Friday, September 28, 2012

Outsourcer-in-chief keeps outsourcing badly

Buried deep in the breaking news about election fraud enveloping Willard Romney and the Republican party is a nugget that could negatively impact the candidate's ability to rally his troops in advance of November 6.

The bombshell hidden behind the fraud allegations is the fact that the Romney campaign had depended on the firm behind the scandal for much of its GOTV (Get Out The Vote) efforts in some hotly-contested swing states. Willard's team outsourced this activity to the RNC, which in turn paid state parties which further paid consulting firm Strategic Allied Consulting to energize the base and ensure voters showed up to cast ballots.

The development puts the ground game advantage back into the Obama team's court.

After dumping about $3.1 million into the coffers of the Republican vendor, now under investigation for submitting 108 fraudulent voter registrations in Florida, Romney and the party pulled away from deals with the company. The GOP political teams, aware of the firm's past allegations of electoral indiscretions, agreed to embrace the business if it changed its name, so as "to not be a distraction."

The Florida State Attorney's office has widened its initial Palm Beach probe to 10-plus counties as the scandal threatens to engulf state elections officials, according to a Los Angeles Times report. GOP operatives in at least seven swing states and California had hired the suspect company.

According to the Christian Science Monitor, problems included the lack of Social Security numbers, fake house numbers, and dates of birth that didn’t match the name. The paper suggested the Republicans have their own homegrown ACORN-style tempest brewing. A major difference, it noted, citing 2009 testimony of former Republican Rep. Chris Cannon (UT), “the difference between ACORN and Sproul is that ACORN doesn't throw away or change registration documents after they have been filled out.”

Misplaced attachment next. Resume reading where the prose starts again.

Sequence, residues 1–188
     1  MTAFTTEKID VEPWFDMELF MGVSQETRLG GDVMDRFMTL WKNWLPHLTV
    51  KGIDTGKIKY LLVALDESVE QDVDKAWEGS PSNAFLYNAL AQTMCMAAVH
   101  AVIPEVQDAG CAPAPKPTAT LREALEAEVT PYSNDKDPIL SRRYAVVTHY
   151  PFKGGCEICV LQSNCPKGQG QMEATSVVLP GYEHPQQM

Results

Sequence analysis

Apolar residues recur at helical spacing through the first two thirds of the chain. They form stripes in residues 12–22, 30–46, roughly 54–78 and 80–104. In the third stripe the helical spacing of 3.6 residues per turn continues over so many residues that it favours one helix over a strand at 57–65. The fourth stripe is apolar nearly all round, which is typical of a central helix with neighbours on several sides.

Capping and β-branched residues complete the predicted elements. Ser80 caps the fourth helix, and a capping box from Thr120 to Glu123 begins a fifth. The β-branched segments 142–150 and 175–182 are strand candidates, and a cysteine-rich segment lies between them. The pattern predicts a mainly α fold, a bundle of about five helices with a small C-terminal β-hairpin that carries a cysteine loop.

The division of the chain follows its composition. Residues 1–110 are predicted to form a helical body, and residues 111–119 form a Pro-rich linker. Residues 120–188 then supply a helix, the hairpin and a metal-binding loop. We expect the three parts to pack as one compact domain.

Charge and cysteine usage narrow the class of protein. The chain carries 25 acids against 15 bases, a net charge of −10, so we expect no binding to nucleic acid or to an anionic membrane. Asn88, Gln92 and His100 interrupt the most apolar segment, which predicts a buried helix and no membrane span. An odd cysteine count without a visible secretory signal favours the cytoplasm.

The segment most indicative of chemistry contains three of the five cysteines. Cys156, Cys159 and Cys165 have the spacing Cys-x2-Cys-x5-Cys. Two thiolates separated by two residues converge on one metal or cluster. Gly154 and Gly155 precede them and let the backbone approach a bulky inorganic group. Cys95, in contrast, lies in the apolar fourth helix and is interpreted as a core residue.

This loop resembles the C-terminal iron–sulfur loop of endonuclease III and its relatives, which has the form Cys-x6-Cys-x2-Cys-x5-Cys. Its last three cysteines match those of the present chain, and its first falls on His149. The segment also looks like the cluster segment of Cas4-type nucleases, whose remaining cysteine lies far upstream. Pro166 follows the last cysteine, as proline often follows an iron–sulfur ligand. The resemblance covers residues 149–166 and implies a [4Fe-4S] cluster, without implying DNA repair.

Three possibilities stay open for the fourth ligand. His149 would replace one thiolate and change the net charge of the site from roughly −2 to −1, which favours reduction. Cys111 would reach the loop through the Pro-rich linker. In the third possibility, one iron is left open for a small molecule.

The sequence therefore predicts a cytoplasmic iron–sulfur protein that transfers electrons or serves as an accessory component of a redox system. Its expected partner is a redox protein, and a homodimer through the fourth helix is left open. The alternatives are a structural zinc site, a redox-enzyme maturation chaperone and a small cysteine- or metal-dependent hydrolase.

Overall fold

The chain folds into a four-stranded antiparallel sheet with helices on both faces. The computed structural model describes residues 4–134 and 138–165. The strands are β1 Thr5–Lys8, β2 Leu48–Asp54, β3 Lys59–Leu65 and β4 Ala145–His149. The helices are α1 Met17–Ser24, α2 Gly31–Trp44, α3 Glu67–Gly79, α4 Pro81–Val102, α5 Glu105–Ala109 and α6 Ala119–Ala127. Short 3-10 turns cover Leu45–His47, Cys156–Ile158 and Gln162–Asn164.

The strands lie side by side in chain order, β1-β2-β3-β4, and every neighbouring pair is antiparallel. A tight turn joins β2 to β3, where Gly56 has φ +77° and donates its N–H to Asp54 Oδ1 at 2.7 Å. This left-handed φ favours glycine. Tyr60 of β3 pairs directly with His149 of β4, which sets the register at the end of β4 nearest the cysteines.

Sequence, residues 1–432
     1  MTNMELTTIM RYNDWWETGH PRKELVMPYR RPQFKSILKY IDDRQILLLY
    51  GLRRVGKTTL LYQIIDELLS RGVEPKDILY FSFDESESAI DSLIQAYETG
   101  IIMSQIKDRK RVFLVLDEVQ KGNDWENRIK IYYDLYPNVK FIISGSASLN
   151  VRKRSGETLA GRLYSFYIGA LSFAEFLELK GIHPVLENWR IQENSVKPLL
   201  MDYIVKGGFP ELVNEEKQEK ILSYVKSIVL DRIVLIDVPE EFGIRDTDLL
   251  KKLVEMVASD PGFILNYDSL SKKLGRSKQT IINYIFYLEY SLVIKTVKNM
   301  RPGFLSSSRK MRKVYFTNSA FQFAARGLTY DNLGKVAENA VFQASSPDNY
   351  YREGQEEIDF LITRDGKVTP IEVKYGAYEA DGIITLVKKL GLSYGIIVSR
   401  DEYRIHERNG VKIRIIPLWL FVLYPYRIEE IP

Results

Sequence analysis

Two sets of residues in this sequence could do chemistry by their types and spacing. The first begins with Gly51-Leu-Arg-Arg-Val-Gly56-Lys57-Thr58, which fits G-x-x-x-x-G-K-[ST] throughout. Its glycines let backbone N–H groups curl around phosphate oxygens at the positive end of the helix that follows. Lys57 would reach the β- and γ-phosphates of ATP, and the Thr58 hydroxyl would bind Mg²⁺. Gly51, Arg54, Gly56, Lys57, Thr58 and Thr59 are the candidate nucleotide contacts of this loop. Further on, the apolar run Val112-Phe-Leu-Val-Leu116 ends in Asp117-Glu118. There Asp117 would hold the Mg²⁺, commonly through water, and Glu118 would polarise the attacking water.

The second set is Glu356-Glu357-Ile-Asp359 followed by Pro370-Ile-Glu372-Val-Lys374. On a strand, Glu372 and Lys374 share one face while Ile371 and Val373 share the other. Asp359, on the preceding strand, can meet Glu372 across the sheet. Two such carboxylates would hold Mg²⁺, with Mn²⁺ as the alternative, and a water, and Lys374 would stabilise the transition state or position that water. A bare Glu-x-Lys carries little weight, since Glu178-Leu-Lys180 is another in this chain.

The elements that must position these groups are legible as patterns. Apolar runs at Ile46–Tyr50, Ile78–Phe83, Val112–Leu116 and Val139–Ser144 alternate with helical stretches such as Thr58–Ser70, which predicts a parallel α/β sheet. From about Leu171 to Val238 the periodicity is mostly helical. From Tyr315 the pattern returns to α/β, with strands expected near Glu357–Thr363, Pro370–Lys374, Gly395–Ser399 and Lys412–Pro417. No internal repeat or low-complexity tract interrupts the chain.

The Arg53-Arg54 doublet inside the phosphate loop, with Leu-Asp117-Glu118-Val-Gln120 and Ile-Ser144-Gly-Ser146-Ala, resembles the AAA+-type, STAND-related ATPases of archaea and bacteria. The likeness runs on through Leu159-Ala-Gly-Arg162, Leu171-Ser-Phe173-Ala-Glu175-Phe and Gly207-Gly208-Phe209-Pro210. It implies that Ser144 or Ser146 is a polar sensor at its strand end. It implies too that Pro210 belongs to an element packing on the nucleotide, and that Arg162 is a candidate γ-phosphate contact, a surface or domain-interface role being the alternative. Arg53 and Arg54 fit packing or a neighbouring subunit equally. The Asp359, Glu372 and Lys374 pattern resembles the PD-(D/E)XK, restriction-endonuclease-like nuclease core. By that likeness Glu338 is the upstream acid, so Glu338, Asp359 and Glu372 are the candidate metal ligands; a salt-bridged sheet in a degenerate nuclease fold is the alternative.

"It was that flagrant," elections supervisor Ann W. Bodenstein told the Los Angeles Times. "In no way did they look genuine. Anyone with any sense would have known there was something wrong.”

[UPDATE: The Colorado Republican Party has terminated its contract with [Strategic Allied Consulting, the] firm hired to run voter registration and get-out-the-vote operations [in Colorado] after allegations of fraud, FOX31 Denver has confirmed. .. .And FOX31 Denver has confirmed that the young woman seen registering voters outside a Colorado Springs grocery store in a YouTube video, in which she admits to trying to only register voters who support Mitt Romney, was indeed a contract employee of Sproul’s company.]

When Team Obama's operational advantages were pointed out to the Romney campaign before the scandal broke, they stressed that the RNC was taking the lead on most of that work. "[The RNC] is already picking up the tab for Romney's ground game, paying for staff, calls, mailers, data, polling and voter registration efforts," noted one committee staffer. And this was before the GOTV handlers fell through.
"These efforts may be helpful, but Romney still lags on this front. Obama currently has 85 offices in Florida to Romney's 47, according to the candidates' websites. Obama has 96 offices in Ohio, meanwhile, compared to Romney's 36," said a report from The Hill on Tuesday.
The collapse of the GOTV apparatus comes at the same time as Romney's collapse in the polls has escalated as his right-wing supporters go into meltdown mode seeking to change the outcome by changing poll results.
 The RNC’s rapid decision to distance itself from the company derailed a major voter registration drive just six weeks before the presidential election, which could hinge on voter turnout in about eight battleground states. It also comes as Republicans around the country have sought to make voter fraud an issue, in part by pressing for voter identification laws.
The chickens of rampant outsourcing come home to roost.

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